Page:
Unfortunately for the Pacers, the Nets were there with a timely response (and more free throws) as Harden scored four, kicking off an 8-0 run that finished on an Aldridge putback after Sabonis had come up with an impressive stuff block on Bruce Brown. It wouldn’t be much of a game from that point, as the Nets managed to close the game out without much concern, topping the Pacers 105-98.
The Pacers really stumbled in the middle two quarters tonight, scoring just 38 after having posted that many in the first alone. The Nets had 59, allowing that half of basketball to be the difference. Even though they’d win the fourth quarter, it was extremely shaky at times. The Pacers finished the night at 39.8% shooting, missing some easy shots, taking some bad shots, and simply not converting at the rate they needed to in order to pick up the win.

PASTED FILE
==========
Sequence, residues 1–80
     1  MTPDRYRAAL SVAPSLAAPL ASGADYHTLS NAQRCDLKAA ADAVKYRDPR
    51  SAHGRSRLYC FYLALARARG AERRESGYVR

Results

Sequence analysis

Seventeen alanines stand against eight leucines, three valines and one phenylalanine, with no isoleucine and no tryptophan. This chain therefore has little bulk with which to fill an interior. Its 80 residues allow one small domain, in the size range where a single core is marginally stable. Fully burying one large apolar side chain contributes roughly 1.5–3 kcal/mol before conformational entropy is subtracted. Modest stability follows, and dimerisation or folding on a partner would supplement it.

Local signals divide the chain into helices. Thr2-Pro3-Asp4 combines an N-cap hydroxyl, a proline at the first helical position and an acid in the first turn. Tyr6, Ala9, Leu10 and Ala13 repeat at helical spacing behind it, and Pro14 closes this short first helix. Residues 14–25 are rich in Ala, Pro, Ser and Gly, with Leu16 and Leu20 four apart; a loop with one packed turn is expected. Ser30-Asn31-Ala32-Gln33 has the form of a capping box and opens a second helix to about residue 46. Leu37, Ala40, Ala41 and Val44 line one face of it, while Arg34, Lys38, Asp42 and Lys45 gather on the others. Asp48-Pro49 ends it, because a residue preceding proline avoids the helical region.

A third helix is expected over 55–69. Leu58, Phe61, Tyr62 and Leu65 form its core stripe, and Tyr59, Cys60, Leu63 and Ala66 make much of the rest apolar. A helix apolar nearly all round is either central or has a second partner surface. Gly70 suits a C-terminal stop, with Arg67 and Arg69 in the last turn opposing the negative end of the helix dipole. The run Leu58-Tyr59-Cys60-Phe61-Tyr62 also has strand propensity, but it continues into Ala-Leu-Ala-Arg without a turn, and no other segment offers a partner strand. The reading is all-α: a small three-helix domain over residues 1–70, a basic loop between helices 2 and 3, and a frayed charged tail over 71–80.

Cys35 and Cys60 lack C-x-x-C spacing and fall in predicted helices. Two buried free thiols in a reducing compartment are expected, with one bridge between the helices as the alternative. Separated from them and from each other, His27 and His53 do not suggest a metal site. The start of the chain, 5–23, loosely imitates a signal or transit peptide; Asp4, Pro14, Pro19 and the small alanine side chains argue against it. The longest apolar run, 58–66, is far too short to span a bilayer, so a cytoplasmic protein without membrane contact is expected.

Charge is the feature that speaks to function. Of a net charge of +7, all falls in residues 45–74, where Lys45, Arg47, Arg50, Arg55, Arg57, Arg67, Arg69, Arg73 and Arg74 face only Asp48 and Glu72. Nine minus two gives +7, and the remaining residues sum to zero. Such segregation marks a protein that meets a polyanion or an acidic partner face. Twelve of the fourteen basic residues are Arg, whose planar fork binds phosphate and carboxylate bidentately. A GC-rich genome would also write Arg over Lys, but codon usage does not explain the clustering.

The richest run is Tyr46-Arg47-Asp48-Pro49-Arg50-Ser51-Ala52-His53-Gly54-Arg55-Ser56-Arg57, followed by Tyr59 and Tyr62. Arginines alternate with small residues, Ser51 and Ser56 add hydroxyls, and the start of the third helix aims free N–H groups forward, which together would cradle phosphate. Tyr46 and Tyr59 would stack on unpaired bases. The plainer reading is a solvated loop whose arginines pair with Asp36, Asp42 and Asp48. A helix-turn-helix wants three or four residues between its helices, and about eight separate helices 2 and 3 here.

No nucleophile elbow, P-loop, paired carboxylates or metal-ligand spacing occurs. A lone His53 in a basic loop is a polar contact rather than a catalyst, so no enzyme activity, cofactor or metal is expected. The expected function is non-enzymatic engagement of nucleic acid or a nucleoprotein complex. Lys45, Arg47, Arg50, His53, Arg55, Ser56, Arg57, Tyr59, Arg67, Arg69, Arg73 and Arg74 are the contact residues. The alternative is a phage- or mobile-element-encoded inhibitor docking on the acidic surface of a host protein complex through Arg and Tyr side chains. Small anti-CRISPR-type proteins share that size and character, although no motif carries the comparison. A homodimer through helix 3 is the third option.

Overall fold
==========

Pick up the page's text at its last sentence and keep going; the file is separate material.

Three point shooting became an issue after the first, going just 3-23 after their impressive 5-6 start. Craig led the way on the night with four of them, completing a career high 28 points and 11 rebounds. Craig was the catalyst for the Pacers throughout the night, scoring off of offensive rebounds (five) and leading the way at the line for the Pacers (6-8).
Unfortunately, eight is hardly a high enough number when facing Harden. Despite his struggles getting to the line in their opening five games, Harden doubled his free throw attempts tonight alone, going 16-19, nearly as many as Indiana’s 23 alone. Once the avalanche began in the second quarter, it was like old times for Harden, who swung wildly against outstretched defenders and even got a couple of the new no-calls for old times’ sake, allowing him to finish with 29 on 11 shots.